In the first iteration (experimenting with TOPplus during 100 surgical interventions), all team members accepted the criteria without deleting or adding items. In the second iteration, one general hospital (G4) decided to change the TOP format. Rather than asking each other questions, the surgeon and anaesthesiologist informed the other team members about the patient, the surgical intervention and the anaesthetic intervention. Other team members were invited to cross-check and ask for additional information, thus keeping the team dialogue intact. At the three university hospitals (U1, U2, U3), the criterion ‘with all team members present’ was adapted by adding that the resident performing the surgical intervention could represent the staff surgeon provided he or she was actively involved in the surgical procedure.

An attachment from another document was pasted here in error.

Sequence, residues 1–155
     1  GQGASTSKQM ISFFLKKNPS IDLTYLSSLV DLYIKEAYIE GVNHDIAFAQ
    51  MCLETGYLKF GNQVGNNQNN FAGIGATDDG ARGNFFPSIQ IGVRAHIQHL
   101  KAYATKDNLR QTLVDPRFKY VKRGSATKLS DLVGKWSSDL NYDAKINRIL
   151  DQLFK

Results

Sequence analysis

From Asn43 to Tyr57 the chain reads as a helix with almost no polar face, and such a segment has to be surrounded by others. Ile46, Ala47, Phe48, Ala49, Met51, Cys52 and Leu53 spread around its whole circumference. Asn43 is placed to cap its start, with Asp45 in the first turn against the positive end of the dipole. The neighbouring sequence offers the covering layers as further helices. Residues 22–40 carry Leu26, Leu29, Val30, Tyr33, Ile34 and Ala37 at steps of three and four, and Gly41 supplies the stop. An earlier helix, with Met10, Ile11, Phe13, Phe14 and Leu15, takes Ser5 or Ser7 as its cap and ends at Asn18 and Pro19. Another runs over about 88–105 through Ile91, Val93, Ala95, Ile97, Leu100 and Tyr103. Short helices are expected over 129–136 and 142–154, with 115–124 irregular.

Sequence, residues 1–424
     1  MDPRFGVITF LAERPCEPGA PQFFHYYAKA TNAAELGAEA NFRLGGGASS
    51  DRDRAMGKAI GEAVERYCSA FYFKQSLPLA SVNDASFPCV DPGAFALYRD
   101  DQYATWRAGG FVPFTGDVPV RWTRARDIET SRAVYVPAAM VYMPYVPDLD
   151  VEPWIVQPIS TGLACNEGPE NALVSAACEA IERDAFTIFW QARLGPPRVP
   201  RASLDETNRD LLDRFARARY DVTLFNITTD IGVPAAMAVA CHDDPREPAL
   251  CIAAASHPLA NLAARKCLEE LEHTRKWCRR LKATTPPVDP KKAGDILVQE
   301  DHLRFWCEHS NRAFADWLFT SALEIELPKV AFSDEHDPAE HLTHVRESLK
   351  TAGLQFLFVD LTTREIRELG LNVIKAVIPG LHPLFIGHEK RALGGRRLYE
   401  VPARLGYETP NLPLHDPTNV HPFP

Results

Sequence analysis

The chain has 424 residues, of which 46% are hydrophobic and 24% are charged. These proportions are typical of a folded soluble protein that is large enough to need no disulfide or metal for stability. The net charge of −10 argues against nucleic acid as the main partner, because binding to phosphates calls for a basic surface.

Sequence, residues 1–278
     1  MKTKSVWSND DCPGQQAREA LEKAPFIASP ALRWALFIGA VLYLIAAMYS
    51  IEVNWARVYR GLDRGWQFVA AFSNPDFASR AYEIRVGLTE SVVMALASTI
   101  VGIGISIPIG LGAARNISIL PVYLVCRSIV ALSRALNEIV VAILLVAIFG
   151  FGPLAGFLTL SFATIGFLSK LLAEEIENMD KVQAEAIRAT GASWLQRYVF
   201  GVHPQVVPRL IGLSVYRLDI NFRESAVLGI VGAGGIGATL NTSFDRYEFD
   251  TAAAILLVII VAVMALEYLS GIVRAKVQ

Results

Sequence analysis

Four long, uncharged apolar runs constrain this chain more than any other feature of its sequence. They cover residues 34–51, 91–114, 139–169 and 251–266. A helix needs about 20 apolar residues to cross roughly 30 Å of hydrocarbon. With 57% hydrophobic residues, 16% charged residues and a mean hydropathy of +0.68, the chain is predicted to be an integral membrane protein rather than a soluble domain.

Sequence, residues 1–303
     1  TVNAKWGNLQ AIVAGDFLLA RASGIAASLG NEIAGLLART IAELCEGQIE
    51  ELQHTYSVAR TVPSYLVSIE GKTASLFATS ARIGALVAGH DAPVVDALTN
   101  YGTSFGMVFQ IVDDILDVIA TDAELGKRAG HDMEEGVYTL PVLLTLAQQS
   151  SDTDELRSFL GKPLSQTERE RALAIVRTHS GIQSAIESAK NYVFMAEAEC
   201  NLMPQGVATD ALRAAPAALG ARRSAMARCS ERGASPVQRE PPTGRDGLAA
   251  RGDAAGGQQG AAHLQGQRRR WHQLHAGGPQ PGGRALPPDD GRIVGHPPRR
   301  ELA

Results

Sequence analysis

Adaptations at the content level

Alterations to the content of TOPplus following the first iteration were limited to the TOP (see Table 2). Some questions were irrelevant for small surgical interventions and were deleted. For ambulatory care, for instance the question ‘Did the epidural work?’ was removed, as this kind of anaesthetic procedure is never used in ambulatory care. Some questions were added because of the complexity of the surgical intervention (e.g. ‘Are co-practitioners informed?’), the large number of people present in OT (e.g. ‘Does everyone know each other?’), or because the patients were participating in a research project (e.g. ‘Is this a study patient?’).

Table 2 Adaptations at Content Level